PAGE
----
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Telemedicine: Rheumatology is coming to a rural town near you.

Rheumatologist are few and far between. The supply is low but the demand is high. Patients with rheumatoid arthritis account for about 1 percent of our population and are in constant need to be evaluated by their rheumatologists. Well, what about those living in rural communities who need to drive 2 to 3 hours to see theirs? That’s a 4 to 6 hour round trip. Add an hour for the appointment. Add an hour for food and restroom breaks. Add the cost of gas. Add the time away from work. Now, multiple that by every 3 month visits and imagine the emotional and financial expense. What if you were 75 or 80 years old and have transportation limitations? Telemedicine provides medical care for these patie

Lupus Rash Photosensitivity

Photosensitivity has been associated with lupus and lupus flares. The most important question is what does that mean? Photosensitivity in lupus means that sunlight exposure activates the immune system. The most common reaction is a facial rash but the key is that the rash is not soon after sun exposure. It’s an inflammatory process. Liken it to a skin infection after a scrape, scratch, bite, puncture, or sting. The affected area develops redness, warmth, tenderness, and the skin raises at and around the damage area. It is a gradual process and is not instantaneous. It also lasts for a several days if not treated. The lupus facial rash is similar to that but without the manual injury. The sun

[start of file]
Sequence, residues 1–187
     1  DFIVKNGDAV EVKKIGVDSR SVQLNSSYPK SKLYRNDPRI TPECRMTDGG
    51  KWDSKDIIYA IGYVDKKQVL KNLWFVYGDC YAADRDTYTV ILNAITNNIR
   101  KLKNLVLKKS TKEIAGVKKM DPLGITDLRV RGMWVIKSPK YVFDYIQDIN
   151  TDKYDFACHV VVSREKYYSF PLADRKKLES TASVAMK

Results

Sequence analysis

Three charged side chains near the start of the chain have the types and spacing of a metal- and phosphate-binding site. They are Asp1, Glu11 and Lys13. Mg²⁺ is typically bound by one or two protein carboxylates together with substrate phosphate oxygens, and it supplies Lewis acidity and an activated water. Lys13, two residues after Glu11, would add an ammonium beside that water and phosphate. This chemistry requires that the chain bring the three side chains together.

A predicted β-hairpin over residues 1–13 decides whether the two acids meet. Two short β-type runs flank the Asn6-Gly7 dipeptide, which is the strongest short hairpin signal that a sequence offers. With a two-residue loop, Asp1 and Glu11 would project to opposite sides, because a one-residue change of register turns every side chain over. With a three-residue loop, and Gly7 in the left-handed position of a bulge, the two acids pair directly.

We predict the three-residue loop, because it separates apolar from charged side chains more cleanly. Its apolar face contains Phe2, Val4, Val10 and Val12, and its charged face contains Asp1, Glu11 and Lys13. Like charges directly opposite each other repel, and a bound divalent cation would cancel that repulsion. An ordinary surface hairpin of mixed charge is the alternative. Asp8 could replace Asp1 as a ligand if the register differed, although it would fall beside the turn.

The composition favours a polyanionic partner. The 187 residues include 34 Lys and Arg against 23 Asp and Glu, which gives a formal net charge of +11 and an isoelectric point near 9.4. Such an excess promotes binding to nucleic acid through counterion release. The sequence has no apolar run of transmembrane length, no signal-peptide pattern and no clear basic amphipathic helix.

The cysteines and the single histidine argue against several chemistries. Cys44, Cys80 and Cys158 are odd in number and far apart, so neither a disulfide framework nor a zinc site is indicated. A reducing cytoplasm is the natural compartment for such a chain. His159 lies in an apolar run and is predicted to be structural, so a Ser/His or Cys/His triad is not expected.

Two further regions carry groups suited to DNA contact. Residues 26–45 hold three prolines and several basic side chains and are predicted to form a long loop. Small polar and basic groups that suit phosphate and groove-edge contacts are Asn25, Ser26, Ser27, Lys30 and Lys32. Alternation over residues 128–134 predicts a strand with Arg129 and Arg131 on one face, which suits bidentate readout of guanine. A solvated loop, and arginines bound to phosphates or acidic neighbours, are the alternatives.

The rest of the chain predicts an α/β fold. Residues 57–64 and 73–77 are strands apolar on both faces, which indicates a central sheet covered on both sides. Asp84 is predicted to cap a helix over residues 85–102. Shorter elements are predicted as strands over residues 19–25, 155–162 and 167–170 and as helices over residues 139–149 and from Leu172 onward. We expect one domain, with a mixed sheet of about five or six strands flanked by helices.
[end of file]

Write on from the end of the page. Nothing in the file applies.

Rheumatology in the World of Telemedicine: My Experience

I have been working with Vigilias, LLC (FreeState Health Care) as a rheumatology consultant on their Telehealth platform for a year now providing outreach in remote towns in rural Kansas. I have been able to help many, which is the sole purpose of my participation. The more I have explored this landscape, the more I have uncovered limitations as a rheumatologist. Rheumatology is not a binary disease. There are shades of grey that muggy the water and make things complex. So What are the Good and the Bad? The premise is simple. Patients access my rheumatology clinic by visiting contracted local satellite hospitals (https://freestatehealthcare.com/connect/partners/). The setup is simple. Screen

I have the gout.

When patients ask me about gout, I ask them why do you ask about gout? Patient: I was diagnosed with gout. Me: How were your diagnosed? Patient 1: By blood tests. Patient 2: My foot hurt after working. Patient 3: I ate a lot of crabs and then my toe started to hurt. Me: Did it start all of the sudden, like you woke up with the pain? Patient 1: No. It was over several days and has been getting worse since. Patient 2: I felt it when I put on my work boots and got worse as the day went on because I was standing a lot. Patient 3: Yes. It woke me up in the morning. WHAT IS GOUT? Gout usually is an "all of a sudden severe to extreme" pain in a joint, classically, but not exclusively the big toe. I

Doc, my neck hurts.

Many patients complain to me about neck pain or shoulder pain. The pain is aching, throbbing or even burning. My doctor said "you have arthritis in my neck." The most common reason, in my opinion, for neck/shoulder pain is poor neck posture. The muscles in the neck that extend from the upper back shoulder area into the neck is the trapezius muscle. It almost looks like a triangle on its side, with the wide base along the spine and the apex pointing towards the shoulder. Poor neck posture or slouching occurs from people who do a lot of desk work; computer, reading, writing, etcetera. You're so focused on the material in front of you, which may be small font, that you voluntarily but not reali

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